Home > Cambridge, Career, Reflection > Everything’s okay (but it’s completely overwhelming)

Everything’s okay (but it’s completely overwhelming)

Day 2 of first grade is over and it went relatively well.  My kids seemed about as well-behaved as other people’s kids, and we started to do some learning.  While no moment of the day feels out of control, I have to admit that the sum total of the day is drowning me.  I go from activity to activity, running each reasonably well, but I have absolutely no sense of where I’m trying to go or how I hope to get there, so the activities end up feeling like just that – activities to keep both me and the kids busy.  My entire approach to teaching is based on knowing, caring about, and communicating the “why” of what we’re learning, and without that, I feel like I’m just going through motions – playing teacher without actually being a teacher.

On the surface, this seems like a fixable problem – I just need to figure out where I’m headed and I’ll be fine.  It doesn’t feel that easy in practice though.  I am overwhelmed by how much I have to learn – terminology, structures, procedures, state expectations, county expectations, school expectations, in every subject – and by how much I have to remember about the educational theory and practice I’ve learned but haven’t used in 9-10 months – or ever.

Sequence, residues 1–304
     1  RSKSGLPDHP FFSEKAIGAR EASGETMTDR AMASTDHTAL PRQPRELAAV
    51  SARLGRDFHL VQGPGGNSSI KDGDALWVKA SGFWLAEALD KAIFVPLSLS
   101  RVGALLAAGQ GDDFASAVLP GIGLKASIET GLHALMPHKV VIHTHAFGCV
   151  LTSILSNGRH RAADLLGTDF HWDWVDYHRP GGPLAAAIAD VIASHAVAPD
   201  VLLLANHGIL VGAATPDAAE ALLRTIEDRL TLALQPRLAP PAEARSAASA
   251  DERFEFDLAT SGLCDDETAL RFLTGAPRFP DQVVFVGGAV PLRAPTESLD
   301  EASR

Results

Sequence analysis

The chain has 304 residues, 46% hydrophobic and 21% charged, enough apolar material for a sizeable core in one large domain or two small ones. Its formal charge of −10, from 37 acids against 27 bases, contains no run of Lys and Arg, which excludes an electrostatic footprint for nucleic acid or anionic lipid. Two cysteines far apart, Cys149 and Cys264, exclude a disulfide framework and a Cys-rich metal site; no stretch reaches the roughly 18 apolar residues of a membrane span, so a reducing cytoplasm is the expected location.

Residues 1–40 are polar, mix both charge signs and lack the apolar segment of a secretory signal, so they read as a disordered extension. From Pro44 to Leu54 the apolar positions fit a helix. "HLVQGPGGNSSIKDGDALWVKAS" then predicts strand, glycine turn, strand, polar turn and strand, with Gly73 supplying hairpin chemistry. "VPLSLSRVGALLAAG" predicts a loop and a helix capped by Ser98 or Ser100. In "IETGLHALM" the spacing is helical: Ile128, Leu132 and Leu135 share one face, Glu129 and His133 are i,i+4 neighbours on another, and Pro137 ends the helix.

And amid this information overload I’m struggling with a tremendous sense of isolation and a sharp sense of loss for my social situation during student teaching.  I ran into a lot of classroom management, lesson planning, and general uncertainty while in Cambridge, but one important difference between then and now was that I had a built-in, highly-interested support group to help me process my day.  During the day I could talk with my assistant teacher, my mentor teacher, or chat with other teachers during the school’s morning break or the hour-long lunch.  In my new school I spend all day alone with my kids, or if I’m not with my kids I’m in a tightly scheduled meeting.  There seems to be very little built-in adult contact within the building.  And it’s not good for me to come home and spend the evening by myself.  I need time for solo reflection, but without some interruption or chance for social processing, I risk getting caught up in discouraging thoughts.  I knew in Cambridge that our daily dinners at the local pub were valuable, but now that I don’t have them I see just how important they were to my resiliency and success in the classroom.  I don’t know how I could replicate this social contact in my new environment, so for now, awareness of the differences will have to be enough.

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